Canti di a Terra fosters an organic musical fusion
Musicologists could spend years puzzling out the sonic connections between Corsica and Iran, but for Kiya Tabassian it’s all about intuition. When the founder of Montreal’s acclaimed ensemble Constantinople first heard the Mediterranean island’s distinctive harmony singing, he was profoundly moved, and knew immediately that it was something he’d have to explore further.
“There is no direct link,” the Tehran-born Tabassian explains, on the line from his home. “But, intuitively, this music talks to me, so there must be some reason for that. I think the fact that it’s a modal music is the main common point with Persian music. There’s also some similarity with the Persian way of singing. You can hear the similarities.”
Some might argue that the differences are even more profound, beginning with the fact that Corsica has been Catholic for hundreds of years while Iran, of course, is a predominantly Muslim state. It’s also true that, until very recently, harmony singing has been almost unknown in Persian music, whereas the Corsican choral tradition features an intricately interwoven array of voices.
Still, any notion that the two styles shouldn’t go together has been effortlessly exploded by the ongoing creative collaboration between Tabassian’s trio and the four singers of Corsica’s Barbara Furtuna. Even more remarkable is that their meeting is more of an organic fusion than a cultural collision: few things sound more natural than the blend of Constantinople’s setar, viola da gamba, and Middle Eastern percussion with Corsican singing.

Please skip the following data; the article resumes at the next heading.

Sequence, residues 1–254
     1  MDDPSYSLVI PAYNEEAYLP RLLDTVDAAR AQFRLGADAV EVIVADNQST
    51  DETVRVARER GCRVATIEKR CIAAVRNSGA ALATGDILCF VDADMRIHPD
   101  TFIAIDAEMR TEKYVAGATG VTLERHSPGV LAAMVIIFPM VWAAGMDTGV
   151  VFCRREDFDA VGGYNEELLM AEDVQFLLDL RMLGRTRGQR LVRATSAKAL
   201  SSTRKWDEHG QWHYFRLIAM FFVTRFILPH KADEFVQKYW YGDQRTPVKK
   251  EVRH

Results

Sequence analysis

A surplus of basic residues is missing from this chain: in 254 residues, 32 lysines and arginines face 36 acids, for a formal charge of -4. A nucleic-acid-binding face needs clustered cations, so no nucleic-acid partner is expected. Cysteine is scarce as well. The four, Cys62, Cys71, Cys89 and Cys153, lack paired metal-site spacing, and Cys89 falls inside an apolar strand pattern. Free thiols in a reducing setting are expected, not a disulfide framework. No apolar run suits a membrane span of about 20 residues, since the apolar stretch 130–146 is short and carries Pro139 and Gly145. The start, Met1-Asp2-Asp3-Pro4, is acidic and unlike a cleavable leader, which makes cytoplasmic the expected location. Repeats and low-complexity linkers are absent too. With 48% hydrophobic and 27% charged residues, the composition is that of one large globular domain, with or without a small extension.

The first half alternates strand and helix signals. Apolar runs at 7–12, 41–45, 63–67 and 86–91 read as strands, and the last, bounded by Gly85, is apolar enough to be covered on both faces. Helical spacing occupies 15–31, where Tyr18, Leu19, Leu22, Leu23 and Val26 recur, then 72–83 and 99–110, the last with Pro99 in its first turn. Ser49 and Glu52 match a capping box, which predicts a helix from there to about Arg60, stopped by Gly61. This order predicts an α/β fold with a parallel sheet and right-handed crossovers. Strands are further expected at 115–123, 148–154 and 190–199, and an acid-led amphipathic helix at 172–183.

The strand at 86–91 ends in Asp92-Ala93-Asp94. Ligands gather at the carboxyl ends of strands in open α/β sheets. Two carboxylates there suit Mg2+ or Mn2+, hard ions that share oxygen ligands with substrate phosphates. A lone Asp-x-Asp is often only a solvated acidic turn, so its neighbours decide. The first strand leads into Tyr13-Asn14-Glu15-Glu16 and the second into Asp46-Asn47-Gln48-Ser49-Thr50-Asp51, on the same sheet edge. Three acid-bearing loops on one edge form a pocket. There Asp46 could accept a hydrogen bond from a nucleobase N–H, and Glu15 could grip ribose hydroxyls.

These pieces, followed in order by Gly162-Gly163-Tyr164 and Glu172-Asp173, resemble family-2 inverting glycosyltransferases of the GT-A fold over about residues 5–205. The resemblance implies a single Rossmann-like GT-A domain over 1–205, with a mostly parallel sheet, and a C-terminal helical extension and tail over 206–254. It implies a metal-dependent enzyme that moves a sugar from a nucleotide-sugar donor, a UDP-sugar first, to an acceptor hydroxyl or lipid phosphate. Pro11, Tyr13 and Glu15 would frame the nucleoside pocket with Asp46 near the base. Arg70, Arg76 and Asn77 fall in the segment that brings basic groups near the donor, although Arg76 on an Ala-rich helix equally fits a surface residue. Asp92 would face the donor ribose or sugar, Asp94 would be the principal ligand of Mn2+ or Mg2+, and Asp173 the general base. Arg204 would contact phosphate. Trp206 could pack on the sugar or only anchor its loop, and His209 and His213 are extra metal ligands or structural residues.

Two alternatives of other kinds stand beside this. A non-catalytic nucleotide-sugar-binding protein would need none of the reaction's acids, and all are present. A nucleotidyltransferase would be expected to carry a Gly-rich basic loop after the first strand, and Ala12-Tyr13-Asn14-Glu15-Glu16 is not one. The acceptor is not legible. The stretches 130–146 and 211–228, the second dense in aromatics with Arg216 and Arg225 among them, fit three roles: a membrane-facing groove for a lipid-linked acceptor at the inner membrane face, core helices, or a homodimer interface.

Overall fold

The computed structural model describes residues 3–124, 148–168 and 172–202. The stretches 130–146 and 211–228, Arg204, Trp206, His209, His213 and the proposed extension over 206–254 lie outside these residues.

“I don’t want to make a collage in my music,” asserts Tabassian, refuting the cut-and-paste aesthetic that typifies many cross-cultural undertakings. “We want to go deep enough that we arrive at a point where you can’t see, really, which colour is beside which colour. We want to present the whole tableau, the whole painting or piece of art.…That’s what we are looking for in our projects, and I think with this program we’ve really achieved that point.”
The program in question—which here will be presented jointly by Early Music Vancouver and Caravan World Rhythms—is called Canti di a Terra. And unified though it might sound, it’s actually more diverse than the above description indicates. In addition to Persian classical music and Corsican singing, Constantinople and Barbara Furtuna will tackle 14th-century music from Italy, a set of variations from the 16th-century French composer Marin Marais, mystical texts by Sufi visionaries Rumi and Hafez, and even some freshly penned works from both sides of the collaboration.
“Corsican culture is a very old and rooted culture, but the Corsican people are people that are looking forward,” says Tabassian. “For example, Barbara Furtuna, they are very much interested in creating new pieces. Even if they’re very well-rooted in their tradition, they want to create new pieces with new lyrics, new ways of singing, new sounds.”
Tabassian and his collaborators in Constantinople clearly share that openness. In that light, Canti di a Terra offers both a brilliant blend of ancient and unusual sounds, and a musical experience that’s entirely unprecedented.